Democrats have expressed outrage at Donald Trump's demagogic, myopic, and racist statements about Mexican Americans and Muslims. They've protested his tasteless, misogynistic attacks on women. They've bemoaned the fact that he, with the active participation of some of his Republican primary rivals, has taken the presidential campaign down to all-time lows.
They've been right to do so. I joined them in doing so.
The Democrats called on Republicans to join them and to refuse to support such a man as the nominee of their party. They've been right to so.
Some Republicans--not enough--have refused to support Trump, even if it means a Democrat wins the White House. Most of those Republicans have attributed their position to their lack of faith in Trump's conservative bona fides and to his crassness. A very few--not nearly enough--have attributed their position to Trump's racism and misogyny.
We have seen what is important to Republicans. Standing up against hate? Taking a principled stand? Being truly concerned about the nation? Or party unity? Winning the presidency at any cost? Stopping a candidate they seem to hate with a vengeance?
Now the Democrats face a similar test.
Saturday, November 14, 2015
All decent people mourn the death and destruction caused by the terrorists in Friday’s attacks in Paris. French President Hollande has identified the attackers as ISIS. These are truly evil people.
The Washington Post of Nov. 13 reports: 'According to reports, Hollande declared there that France was "going to lead a war," presumably against Islamist militants. He said his country's response would be "ruthless."' President Obama and other world leaders are offering their full sympathy and support.
This is in sharp contrast to the response when Israelis and Jews are the victims of terror. I am waiting for the U.S. State Department, the UN, and the EU to call on all parties to "exercise restraint" to end "the cycle of violence," to not use “excessive force” in responding, and to not use “disproportionate force.”
This is their usual mantra when Jews are killed in Israel and the territories due to terror. Are Jewish lives worth less than the lives lost in the terrible attack in France? Does not the murder of Jews by terrorists deserve the same response that Pres. Hollande now calls for?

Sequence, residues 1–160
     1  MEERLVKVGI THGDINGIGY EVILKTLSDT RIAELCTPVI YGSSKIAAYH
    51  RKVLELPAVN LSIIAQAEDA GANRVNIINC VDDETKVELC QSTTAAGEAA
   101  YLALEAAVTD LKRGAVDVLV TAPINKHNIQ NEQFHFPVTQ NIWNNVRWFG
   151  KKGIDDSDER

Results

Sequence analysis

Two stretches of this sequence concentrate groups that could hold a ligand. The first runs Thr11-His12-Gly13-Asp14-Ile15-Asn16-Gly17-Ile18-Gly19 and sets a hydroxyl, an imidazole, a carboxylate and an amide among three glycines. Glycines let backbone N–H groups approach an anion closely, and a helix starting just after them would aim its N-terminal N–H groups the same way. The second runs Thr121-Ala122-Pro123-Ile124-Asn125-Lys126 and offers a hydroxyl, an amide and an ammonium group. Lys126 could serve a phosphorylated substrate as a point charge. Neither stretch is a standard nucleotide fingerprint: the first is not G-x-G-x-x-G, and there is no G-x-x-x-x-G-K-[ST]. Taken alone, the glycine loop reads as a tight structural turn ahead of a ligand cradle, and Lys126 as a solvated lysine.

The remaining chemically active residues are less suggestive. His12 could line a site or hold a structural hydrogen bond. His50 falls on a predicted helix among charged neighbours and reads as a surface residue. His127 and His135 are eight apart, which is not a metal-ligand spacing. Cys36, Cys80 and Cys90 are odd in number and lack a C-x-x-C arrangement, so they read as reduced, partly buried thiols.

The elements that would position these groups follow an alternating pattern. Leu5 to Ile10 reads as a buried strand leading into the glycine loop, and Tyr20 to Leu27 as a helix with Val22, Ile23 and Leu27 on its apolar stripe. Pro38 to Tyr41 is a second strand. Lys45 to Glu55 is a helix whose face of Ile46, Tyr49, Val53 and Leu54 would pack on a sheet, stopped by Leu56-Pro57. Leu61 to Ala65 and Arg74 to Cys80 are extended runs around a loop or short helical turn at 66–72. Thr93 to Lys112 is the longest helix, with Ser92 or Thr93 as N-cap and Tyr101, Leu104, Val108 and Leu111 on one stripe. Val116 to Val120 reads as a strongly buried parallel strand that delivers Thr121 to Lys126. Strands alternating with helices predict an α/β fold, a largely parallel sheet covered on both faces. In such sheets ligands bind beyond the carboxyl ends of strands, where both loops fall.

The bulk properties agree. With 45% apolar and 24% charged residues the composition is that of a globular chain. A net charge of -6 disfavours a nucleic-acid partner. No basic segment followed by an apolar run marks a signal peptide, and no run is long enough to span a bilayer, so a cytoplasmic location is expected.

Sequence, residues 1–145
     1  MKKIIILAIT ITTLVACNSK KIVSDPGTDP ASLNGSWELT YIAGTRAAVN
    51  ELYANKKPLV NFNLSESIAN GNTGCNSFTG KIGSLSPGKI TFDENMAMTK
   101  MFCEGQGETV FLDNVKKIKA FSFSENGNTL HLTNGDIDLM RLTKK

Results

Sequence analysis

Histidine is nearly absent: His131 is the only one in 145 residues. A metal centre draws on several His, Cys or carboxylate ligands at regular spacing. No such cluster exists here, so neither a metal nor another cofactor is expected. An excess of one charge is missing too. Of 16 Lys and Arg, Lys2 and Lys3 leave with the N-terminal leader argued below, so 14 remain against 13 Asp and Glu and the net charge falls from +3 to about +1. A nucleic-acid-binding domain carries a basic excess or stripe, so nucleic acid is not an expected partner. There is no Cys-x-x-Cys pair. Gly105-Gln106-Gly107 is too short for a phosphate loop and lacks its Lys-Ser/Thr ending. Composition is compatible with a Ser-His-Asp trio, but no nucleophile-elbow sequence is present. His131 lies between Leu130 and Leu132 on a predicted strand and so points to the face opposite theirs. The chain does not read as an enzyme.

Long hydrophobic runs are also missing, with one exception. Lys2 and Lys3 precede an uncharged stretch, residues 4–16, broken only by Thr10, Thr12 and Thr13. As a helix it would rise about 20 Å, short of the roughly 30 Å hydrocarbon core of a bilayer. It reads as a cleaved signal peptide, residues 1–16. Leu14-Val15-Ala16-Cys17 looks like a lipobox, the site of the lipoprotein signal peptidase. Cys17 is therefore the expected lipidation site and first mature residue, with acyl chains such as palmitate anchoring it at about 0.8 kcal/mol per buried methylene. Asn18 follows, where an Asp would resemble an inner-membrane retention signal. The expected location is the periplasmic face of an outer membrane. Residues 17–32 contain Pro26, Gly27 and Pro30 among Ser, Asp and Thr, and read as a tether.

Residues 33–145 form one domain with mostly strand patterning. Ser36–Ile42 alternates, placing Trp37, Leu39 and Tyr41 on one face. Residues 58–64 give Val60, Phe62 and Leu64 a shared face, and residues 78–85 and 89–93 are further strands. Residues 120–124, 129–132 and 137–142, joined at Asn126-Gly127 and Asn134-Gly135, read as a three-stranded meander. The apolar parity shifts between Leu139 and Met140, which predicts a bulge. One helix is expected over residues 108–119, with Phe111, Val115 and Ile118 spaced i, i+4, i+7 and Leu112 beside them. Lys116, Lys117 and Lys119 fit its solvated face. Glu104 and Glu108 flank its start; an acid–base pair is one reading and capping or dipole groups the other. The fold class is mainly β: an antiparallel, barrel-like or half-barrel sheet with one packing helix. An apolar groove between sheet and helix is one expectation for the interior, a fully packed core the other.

When the Western world advocates a different response to terror by Palestinians because it somehow believes the Palestinians' alleged grievances are credible, or because the victims are Israelis or Jews, it gives a green light to terror elsewhere. In ISIS' thinking, its grievances are every bit as legitimate as those of the Palestinians, if not more so.
If terror is justified or excused, or if the victims are admonished to limit their response because of the alleged legitimacy of the attackers' grievance, terror becomes a legitimate tool for any allegedly aggrieved party.
Trying to pick and choose when terror is a legitimate tool is counterproductive and self-defeating. Excusing it or trying to mitigate the victims' response when the victims are Jews but not in other instances, demonstrates bigotry and immorality.
(Originally published in The Times of Israel)
For speaking engagements, email@example.com
Thursday, November 12, 2015
The European Union moved forward today with its requirement that Israeli goods made in areas captured in the 1967 Six Day War be labeled as coming from the territories rather than from Israel. There is any number of valid reasons supporting the argument that this requirement is unfair, counterproductive, discriminatory, and anti-peace.